Hamas: Fatah Raids Disrupting Talks

Efforts by Egypt to mediate between rival Palestinian factions are being disrupted by raids against Hamas in the West Bank by Fatah security forces, Hamas’s leader has said.

"What is happening in the West Bank cannot be accepted," Khaled Meshaal said on Tuesday after meeting Omar Suleiman, the Egyptian intelligence chief.

"We will pursue our policy in co-operating with the Egyptian efforts to reach a real reconciliation, but the most difficult obstacle hampering reaching a Palestinian reconciliation is what is happening in the West Bank," he said.

Meshaal’s comments to the Cairo-based Arab League came after raids were launched across the Israeli-occupied territory by Fatah, led by Mahmoud Abbas, the Palestinian president.

Meshaal, who is based in Damascus, the Syrian capital, spoke as he made his first visit to the Egyptian capital in months.

Security Crackdown

The recent raids in the West Bank, which prompted deadly violence in the city of Qalqilya, have fuelled concerns of a wider conflagration between armed units of Fatah and Hamas.

Meshaal said Hamas and Egyptian officials had discussed how to resolve the crisis, examining options such as freeing Hamas political detainees and ending the security crackdown in the West Bank.

Meshaal on Tuesday welcomed the criticism of Israel’s settlement expansion by the administration of Barack Obama, the US president, but stressed that what was needed were "actions on the ground, not just the tone."

He said that Suleiman had told him there is an "encouraging vibe" from Washington, but the Hamas leader stressed that a future Palestinian state must be based on the 1967 borders between the Palestinian territories and Israel.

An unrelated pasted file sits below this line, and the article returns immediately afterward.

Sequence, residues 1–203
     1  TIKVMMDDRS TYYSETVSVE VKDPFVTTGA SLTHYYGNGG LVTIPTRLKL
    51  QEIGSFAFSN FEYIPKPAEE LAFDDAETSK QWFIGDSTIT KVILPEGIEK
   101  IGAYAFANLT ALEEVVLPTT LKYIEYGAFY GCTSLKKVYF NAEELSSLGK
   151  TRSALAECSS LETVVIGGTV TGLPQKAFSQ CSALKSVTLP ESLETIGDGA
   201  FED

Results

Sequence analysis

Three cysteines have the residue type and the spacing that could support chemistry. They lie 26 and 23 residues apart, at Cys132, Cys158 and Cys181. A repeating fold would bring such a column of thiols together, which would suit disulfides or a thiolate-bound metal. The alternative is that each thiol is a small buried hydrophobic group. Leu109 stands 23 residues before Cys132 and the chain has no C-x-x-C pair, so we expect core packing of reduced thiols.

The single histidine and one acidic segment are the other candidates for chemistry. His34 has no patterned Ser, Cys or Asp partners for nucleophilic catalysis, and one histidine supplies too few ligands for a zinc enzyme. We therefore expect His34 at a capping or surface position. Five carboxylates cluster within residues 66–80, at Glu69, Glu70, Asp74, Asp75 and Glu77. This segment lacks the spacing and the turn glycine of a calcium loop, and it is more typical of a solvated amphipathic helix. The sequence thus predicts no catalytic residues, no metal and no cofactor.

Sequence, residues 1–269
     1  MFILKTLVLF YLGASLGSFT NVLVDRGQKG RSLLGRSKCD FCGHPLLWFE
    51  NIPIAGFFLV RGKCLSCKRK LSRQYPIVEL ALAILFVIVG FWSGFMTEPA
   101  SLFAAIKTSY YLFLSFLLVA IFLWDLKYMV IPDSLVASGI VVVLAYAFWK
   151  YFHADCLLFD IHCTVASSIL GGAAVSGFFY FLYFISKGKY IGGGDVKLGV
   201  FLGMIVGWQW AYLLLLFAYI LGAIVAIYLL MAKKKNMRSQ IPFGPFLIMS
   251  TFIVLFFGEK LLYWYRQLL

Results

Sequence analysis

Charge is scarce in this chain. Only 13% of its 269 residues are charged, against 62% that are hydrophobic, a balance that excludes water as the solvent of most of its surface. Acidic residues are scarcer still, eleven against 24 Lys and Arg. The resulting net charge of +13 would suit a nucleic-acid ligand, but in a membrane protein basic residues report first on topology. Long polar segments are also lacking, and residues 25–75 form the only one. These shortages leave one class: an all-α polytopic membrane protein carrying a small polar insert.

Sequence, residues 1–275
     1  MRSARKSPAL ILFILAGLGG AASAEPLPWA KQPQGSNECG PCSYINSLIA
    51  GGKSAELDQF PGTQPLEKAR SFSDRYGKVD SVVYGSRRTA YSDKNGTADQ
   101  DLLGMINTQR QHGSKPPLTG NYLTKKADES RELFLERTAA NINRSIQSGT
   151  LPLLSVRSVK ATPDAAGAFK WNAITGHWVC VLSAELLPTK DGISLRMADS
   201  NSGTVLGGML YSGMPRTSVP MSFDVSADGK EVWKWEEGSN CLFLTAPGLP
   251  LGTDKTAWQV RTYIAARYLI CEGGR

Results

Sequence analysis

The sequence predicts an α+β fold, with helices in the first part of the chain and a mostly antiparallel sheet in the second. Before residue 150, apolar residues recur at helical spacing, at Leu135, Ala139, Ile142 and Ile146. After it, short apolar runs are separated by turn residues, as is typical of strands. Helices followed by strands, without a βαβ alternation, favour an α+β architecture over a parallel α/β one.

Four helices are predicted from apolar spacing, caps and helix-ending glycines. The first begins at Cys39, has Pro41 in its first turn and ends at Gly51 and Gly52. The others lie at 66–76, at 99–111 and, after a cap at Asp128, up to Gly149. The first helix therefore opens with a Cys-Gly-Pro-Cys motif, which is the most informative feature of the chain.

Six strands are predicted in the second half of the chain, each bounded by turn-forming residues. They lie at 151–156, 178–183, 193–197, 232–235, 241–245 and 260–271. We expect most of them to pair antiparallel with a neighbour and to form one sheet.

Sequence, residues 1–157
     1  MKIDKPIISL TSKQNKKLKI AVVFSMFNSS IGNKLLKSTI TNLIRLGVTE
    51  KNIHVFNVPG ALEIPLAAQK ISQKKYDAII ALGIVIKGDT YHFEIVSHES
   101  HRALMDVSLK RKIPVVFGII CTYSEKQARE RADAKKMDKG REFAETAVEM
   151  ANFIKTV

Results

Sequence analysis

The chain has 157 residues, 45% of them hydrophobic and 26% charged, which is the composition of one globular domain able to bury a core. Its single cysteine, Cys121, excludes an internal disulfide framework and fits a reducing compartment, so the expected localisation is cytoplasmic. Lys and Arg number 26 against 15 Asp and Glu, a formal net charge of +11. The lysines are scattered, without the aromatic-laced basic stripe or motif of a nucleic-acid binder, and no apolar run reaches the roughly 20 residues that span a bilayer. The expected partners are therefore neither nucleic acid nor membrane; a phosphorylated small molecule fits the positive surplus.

The US must also respect Palestinian demands regarding the future of east Jerusalem and the right of return for Palestinian refugees who fled their homes during the previous Arab-Israeli wars.
Meshaal called on the international community to place serious pressure on Israel to freeze its settlement activity, which is illegal under international law.

Major Differences

The talks between Egypt and Hamas come two days after Egyptian officials met Ahmed Qurei, who leads Fatah negotiators in the Cairo-sponsored reconciliation talks.

Previous rounds of talks between Fatah and Hamas have failed to solve major differences between the two factions.

While Fatah has moved against Hamas supporters in the West Bank, it has accused Hamas security forces in Gaza of detaining dozens of its supporters.

Egyptian mediators are trying to convince the groups to form a unity government, setting a July 7 deadline to reach a deal.
(Aljazeera.net English and Agencies)

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